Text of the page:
There really could not have been a worse scenario for the first death we experienced in our backyard flock. Prior to owning chickens, I had read and understood the risks – the fact that just about everything eats chicken, that predators fall from the sky, come creeping out from behind every bush, and wag their gleeful tails while moments later wreaking carnage on beloved hens. I also knew, at some point, even I would be eating the birds I raised by hand. I’m an educator – I taught the food chain.
It was a beautiful spring day and a beloved friend and chicken lover had come to see our new birds. We went into the coop together, and were being swarmed by the “we know you have a treat for us” gang, when suddenly my dogs pushed through the partially closed gate and dove after the first birds they could get their maws on! I was terrified and ran to rescue one small pullet, already under the paws of my normally docile pup, somehow snatching her from a certain death. Then, between my friend and I, we managed to wrangle and drag both dogs out of the pen. It all happen so quickly! When I turned back to survey the damage, I felt that sickening realisation that all chicken owners have felt, or will feel at some point - one of our little pullets was dead. And, worse than that - it wasn't the dogs that had killed it. In all the chaos and confusion, I had stepped on it. It was me - I was responsible for the first death in my flock.
As time has passed, we have lost other birds (hawks seem to be the nemesis of choice on our little farm, although we also have a marauding mountain lion that got one of our goats), and each time, we grieve. Granted, we don't grieve as much, as we have accustomed ourselves to the fact that loss is indeed, part of the poultry owner's lot in life.
So, how do we respond to this inevitable attrition of our flocks? I have witnessed a wide variety of responses, from friends who have a relatively high predator quotient and view their free ranging flock as purely an egg and meat commodity (we jokingly say that their farm is the place chickens go to die), to others who keep their birds so tightly confined in fear of loss, that it takes an IQ higher than mine simply to open the gate! There are also those of us who refuse to even name a bird, because predators just "sense" the affection on that hen (I am convinced 'love' must have a particular scent!) and inevitably choose that girl for their dinner.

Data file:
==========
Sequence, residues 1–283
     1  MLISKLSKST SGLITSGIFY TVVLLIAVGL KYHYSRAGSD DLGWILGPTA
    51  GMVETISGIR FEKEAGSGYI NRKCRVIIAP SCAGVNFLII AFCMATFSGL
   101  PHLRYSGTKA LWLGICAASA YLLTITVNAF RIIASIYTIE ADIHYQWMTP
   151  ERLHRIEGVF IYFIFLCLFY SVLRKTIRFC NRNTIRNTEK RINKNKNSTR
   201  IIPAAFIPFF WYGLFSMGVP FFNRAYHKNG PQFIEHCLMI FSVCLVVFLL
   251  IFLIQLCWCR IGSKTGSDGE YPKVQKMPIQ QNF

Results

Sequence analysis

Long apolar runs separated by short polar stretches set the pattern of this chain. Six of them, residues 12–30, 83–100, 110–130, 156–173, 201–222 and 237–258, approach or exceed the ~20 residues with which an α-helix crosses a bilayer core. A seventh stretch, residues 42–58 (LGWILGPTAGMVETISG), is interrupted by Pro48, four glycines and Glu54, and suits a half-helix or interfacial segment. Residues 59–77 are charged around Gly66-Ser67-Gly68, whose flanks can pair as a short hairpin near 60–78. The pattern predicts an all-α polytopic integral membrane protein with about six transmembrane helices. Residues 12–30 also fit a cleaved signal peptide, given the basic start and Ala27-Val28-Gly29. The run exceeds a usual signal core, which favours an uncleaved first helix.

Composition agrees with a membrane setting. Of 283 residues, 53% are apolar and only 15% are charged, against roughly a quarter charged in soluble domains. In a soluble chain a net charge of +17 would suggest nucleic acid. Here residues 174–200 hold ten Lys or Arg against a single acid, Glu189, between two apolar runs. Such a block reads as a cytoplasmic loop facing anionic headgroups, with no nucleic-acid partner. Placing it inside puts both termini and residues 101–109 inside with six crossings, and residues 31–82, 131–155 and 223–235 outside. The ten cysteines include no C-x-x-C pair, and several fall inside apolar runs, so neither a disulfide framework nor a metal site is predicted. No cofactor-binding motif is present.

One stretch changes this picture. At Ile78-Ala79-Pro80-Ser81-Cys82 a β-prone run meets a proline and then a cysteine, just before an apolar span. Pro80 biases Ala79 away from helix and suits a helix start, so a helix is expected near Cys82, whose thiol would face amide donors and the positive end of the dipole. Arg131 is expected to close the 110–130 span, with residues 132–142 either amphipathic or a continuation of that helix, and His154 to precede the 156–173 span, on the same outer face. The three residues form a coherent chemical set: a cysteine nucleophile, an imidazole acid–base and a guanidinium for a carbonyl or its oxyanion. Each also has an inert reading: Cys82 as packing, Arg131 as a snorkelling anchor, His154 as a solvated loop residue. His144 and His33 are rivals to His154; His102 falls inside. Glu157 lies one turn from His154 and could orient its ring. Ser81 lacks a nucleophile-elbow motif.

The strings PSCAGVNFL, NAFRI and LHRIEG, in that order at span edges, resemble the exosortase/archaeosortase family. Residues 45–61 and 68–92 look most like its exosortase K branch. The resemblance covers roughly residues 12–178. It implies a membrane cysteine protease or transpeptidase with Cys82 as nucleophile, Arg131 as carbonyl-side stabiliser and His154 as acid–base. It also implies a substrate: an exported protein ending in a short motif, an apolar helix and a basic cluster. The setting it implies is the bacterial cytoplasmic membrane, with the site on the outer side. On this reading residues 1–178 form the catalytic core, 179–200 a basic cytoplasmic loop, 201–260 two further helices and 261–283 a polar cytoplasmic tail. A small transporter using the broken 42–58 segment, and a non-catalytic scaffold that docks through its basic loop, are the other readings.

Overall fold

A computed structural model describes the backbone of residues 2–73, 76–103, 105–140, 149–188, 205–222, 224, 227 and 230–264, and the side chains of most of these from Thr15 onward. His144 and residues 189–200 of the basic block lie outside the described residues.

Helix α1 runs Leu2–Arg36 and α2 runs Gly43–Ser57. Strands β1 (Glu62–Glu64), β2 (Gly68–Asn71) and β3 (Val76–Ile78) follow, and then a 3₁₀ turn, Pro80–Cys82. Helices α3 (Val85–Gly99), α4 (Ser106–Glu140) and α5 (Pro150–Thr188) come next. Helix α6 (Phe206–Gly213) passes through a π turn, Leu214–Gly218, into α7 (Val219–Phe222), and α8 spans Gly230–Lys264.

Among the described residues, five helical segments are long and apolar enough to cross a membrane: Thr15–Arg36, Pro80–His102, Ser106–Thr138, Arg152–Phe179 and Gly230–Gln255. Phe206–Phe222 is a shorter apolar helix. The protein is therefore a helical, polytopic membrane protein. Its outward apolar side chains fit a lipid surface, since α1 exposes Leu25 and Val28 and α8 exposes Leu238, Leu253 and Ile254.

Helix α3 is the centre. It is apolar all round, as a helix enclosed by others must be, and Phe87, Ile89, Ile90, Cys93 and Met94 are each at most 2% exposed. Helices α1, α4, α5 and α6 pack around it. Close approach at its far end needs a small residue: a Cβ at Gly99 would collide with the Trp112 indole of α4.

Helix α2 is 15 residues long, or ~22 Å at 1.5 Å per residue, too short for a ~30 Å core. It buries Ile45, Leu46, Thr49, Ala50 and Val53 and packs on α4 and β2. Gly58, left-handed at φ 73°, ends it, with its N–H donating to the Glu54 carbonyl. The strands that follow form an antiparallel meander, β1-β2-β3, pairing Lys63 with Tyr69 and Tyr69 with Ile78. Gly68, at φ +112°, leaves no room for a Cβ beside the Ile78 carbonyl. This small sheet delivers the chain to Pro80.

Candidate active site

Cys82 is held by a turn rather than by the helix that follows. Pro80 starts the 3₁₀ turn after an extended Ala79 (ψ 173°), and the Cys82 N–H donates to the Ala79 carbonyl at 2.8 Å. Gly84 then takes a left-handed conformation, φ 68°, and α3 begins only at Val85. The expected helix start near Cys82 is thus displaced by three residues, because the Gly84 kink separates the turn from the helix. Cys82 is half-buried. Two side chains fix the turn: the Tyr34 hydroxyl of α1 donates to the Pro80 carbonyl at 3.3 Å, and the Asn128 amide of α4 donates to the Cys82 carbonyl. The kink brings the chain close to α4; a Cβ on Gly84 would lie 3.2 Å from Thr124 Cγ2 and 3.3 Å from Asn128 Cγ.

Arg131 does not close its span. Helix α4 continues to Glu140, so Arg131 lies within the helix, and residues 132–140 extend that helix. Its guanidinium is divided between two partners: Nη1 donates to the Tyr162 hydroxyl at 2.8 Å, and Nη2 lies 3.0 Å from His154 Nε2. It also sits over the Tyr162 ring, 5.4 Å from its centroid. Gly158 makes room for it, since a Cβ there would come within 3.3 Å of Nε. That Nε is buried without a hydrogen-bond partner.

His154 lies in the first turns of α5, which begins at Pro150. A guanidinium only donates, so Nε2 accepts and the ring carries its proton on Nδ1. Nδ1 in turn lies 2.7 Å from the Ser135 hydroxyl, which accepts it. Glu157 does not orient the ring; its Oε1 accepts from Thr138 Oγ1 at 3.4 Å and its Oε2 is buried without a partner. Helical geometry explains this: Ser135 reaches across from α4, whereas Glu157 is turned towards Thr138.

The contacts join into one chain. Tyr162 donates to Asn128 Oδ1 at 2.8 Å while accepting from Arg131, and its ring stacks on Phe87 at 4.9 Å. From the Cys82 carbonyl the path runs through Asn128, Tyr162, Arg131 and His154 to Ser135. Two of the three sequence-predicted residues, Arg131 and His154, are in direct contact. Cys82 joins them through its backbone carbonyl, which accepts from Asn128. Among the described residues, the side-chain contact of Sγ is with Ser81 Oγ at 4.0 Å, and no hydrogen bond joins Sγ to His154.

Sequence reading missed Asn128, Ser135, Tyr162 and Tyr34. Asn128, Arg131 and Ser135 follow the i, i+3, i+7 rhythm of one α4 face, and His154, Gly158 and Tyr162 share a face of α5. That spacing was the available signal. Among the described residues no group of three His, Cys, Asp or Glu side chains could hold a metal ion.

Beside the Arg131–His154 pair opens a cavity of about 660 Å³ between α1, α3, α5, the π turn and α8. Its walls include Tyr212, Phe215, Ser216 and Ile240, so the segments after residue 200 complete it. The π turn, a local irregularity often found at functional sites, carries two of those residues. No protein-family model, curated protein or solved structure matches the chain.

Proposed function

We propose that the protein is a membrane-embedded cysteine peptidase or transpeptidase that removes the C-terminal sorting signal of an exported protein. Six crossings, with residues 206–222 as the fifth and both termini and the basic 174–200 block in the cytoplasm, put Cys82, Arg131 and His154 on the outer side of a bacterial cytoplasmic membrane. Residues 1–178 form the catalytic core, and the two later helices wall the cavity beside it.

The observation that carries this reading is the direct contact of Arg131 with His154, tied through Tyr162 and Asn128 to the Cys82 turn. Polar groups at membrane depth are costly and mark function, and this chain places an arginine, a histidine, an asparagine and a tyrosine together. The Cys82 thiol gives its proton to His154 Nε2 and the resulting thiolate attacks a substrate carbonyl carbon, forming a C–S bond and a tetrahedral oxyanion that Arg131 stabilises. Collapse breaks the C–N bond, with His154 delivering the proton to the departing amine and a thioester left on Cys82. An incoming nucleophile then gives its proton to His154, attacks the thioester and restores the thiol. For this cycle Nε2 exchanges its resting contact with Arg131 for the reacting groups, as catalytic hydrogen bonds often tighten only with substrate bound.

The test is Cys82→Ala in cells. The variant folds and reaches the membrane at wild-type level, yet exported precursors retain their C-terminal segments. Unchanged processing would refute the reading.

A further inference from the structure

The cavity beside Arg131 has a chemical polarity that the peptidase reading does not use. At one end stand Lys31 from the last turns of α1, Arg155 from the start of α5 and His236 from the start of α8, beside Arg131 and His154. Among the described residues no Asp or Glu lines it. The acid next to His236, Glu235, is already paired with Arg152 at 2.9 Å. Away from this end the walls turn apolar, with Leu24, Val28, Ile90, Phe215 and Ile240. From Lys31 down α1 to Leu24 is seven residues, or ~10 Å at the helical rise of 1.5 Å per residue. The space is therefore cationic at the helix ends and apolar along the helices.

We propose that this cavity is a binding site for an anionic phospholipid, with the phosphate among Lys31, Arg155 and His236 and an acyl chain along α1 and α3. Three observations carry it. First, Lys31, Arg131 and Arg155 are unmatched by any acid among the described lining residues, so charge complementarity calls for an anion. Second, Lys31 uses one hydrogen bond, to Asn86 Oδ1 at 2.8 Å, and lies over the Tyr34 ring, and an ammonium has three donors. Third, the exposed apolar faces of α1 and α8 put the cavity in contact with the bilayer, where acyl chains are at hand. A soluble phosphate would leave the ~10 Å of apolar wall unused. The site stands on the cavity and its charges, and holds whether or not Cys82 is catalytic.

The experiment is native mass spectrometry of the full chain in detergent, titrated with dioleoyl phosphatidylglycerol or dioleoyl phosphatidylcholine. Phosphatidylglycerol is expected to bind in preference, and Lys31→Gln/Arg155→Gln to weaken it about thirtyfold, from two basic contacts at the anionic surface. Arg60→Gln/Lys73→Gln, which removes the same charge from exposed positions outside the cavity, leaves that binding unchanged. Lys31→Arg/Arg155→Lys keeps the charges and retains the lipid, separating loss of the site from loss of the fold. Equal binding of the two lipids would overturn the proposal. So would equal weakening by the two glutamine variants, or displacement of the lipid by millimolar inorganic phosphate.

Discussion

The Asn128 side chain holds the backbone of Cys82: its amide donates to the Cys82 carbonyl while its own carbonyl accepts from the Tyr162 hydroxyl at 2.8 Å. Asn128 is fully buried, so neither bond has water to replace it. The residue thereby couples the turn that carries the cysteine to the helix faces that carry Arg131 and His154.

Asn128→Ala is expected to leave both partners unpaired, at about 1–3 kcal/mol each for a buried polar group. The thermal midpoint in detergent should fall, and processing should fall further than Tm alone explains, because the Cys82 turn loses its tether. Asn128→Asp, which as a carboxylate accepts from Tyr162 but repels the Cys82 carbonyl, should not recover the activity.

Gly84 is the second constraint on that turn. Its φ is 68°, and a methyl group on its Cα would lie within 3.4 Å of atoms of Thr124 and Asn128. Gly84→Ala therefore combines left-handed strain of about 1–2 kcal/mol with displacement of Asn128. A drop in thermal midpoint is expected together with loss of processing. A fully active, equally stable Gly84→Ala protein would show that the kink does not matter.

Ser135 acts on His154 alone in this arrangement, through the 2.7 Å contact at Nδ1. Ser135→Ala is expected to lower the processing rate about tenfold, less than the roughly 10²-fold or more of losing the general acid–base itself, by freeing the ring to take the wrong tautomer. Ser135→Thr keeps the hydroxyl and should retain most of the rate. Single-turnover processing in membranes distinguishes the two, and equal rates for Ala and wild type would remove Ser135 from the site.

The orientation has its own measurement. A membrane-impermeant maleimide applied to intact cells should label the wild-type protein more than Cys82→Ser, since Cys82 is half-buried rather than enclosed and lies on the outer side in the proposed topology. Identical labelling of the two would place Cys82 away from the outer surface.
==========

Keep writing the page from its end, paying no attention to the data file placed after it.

After our most recent loss (Hawk! Grrr), my teenaged daughter made the suggestion that we should leave the chickens in their coops from now on. She reasoned, and logically so, that they would be safer and that she wouldn't have to go through this grieving process again. (She really loves our birds, no matter how much I try to turn her into a pragmatic farm girl.) It wouldn't be a terrible thing to coop them up. She had a point.
However, our loss rate has never been terribly high during the day; and, although it does hurt to lose one, our chickens love to be out grazing. They, quite literally, "yell" at us in the morning to be let out. So, we continue to send them to pasture, knowing the possibilities. We do our best to protect them (roosters, lots of places to hide, etc.), but ultimately know today might be someone's last. And, if it is their last, let's think about their quality of life.
The BYC website is proof positive that "backyarders" tend to take great care of their chickens. We dutifully practice biosecurity, clean coops, change feed and water, watch for signs of illness, monitor social interactions and behaviors, dole out treats, and yes, even have full-blown conversations with our birds. Say what you want, all of these are the very expressions of the love we have for our social critters out back. It will always hurt, in some way or another, to lose one. But here, my friends, is the silver lining on the cloud of grief - your flock is loved; every day they spend in your yard is a gift - better than a thousand in a cage or a factory. Take comfort in that fact; and don't hesitate to tell them they are loved - today may be a "last day" for one of them, but it should, at least, be a good one.